Children at the workplace
Employers, self-employed people and those in control of workplaces are responsible for ensuring, as far as practicable, the safety and health of visitors including children at the workplace. Employees are also required to work safely so people are not harmed.
Workplace safety and health planning should address situations where children may:
- be part of the work activity as customers, patients or students;
- be visiting or accompanying their parents; and/or
- live at a workplace that is also their home, eg farms and some shops.
Where relevant, consider also the risks to children in situations where they stray into a workplace or go there to play.
Key questions to ask in safety and health planning
- Is the workplace safe for children? There may be some workplaces that are not suitable for children in any situation.
- Is there adequate supervision of children? According to the circumstances, there may be a need for supervision from parents/ guardian and/or staff that is high level and ongoing.
- Is there a clear policy on children at the workplace? The issues to address include access, movement, supervision and instructions to workers and parents/guardian. Refer to the section on control measures at the end of the checklist for more details.
Parents/guardians have a responsibility to ensure children adhere to the employer’s policy on the safety of children at the workplace.
This bulletin outlines how to start addressing the risks to children and employees. A checklist is provided on the following pages to assist in carrying out the risk management process.
Controlling the risks
Step 1: Identify possible hazards that may cause harm to children - identify direct or indirect things or situations that may cause harm.
Step 2: Assess the risks of injury or harm to children - assess the risk of injury or harm to a child or worker that could arise from each hazard identified and decide which needs to be addressed first, ie where there is the highest risk of injury or harm.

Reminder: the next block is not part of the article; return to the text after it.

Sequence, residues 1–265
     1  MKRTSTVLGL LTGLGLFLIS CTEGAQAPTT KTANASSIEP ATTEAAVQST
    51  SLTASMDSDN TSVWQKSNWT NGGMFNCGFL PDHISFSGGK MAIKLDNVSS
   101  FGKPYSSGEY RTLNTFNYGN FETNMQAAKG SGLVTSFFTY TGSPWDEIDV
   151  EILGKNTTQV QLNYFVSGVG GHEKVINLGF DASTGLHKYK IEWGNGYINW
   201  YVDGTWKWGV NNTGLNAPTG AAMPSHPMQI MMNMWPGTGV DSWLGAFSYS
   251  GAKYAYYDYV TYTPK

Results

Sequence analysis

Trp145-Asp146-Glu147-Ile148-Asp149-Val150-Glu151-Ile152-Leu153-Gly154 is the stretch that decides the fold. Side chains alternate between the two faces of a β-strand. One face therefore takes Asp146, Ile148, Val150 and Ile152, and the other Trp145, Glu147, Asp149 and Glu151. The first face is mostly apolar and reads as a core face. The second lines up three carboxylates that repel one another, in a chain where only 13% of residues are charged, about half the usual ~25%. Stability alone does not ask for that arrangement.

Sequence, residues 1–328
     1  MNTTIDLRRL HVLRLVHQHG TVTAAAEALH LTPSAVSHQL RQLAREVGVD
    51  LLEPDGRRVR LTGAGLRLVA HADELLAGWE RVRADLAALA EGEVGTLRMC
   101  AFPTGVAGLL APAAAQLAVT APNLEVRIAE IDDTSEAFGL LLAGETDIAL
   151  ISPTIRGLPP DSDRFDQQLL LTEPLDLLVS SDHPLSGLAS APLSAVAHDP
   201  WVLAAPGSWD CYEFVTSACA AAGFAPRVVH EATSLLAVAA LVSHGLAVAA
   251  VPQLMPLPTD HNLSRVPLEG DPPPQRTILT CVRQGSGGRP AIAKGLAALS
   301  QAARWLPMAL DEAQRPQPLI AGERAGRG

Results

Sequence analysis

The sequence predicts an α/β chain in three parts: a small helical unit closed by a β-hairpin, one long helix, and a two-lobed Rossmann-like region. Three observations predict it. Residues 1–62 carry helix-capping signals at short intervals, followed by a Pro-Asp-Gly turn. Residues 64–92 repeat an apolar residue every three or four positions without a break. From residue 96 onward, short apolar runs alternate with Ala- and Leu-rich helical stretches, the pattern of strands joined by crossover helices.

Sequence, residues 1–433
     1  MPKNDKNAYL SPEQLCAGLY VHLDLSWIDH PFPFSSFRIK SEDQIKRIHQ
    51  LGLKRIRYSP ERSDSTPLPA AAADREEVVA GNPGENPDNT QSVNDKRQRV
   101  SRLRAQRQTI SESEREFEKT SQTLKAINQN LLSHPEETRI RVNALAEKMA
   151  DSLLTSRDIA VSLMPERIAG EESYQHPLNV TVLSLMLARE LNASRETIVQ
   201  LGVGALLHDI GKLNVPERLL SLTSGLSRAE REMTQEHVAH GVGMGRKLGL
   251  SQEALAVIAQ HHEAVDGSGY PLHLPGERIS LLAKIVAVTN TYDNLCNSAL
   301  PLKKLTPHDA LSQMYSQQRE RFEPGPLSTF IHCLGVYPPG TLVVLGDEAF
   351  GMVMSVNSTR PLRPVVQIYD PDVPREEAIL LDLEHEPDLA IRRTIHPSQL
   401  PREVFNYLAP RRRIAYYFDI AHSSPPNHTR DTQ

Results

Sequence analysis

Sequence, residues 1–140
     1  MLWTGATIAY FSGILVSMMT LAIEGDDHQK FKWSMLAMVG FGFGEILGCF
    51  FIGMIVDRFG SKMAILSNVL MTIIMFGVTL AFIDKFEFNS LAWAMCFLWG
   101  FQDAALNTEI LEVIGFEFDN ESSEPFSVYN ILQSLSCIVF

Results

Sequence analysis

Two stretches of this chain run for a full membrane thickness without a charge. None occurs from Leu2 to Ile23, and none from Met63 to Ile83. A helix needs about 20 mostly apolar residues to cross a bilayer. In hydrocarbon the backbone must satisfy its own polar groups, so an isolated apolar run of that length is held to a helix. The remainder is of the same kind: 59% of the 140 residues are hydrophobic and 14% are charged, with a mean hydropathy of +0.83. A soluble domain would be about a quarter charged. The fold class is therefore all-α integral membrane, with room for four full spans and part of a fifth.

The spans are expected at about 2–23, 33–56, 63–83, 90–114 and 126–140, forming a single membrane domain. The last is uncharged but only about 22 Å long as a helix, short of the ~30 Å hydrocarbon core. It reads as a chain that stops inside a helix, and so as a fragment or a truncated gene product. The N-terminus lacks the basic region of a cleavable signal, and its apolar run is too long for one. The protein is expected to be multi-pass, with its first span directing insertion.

Consider the level of understanding about the hazard, and the danger if it is not removed, and whether safety instructions would be understood or followed.
Step 3: Control the risks to children - eliminate or reduce the risks to children and employees by implementing control measures. The preferred way of doing this is to:
- eliminate the hazard, hazardous work practice or hazardous situation;
- substitute or replace the hazard, hazardous work practice or hazardous situation with a less hazardous one;
- isolate or separate the hazard, hazardous work practice or hazardous situation from children, eg installing barricades or gates;
- re-design the work area to remove the hazard or hazardous situation, eg modifying plant and equipment (engineering control); and
- introduce safety rules (administrative control).
Sometimes a combination of control measures may be appropriate. Review the three steps regularly to ensure control measures work and no new hazards have been introduced.
Checklist for children at the workplace
Children at the workplace checklist - carry out the three steps Photocopy for use at the workplace